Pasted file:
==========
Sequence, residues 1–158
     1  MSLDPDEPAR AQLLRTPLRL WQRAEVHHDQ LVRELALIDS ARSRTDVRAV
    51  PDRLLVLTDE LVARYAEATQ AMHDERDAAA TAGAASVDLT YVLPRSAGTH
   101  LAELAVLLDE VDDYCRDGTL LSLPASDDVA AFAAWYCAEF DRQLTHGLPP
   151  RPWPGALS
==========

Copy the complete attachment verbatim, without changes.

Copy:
Sequence, residues 1–158
     1  MSLDPDEPAR AQLLRTPLRL WQRAEVHHDQ LVRELALIDS ARSRTDVRAV
    51  PDRLLVLTDE LVARYAEATQ AMHDERDAAA TAGAASVDLT YVLPRSAGTH
   101  LAELAVLLDE VDDYCRDGTL LSLPASDDVA AFAAWYCAEF DRQLTHGLPP
   151  RPWPGALS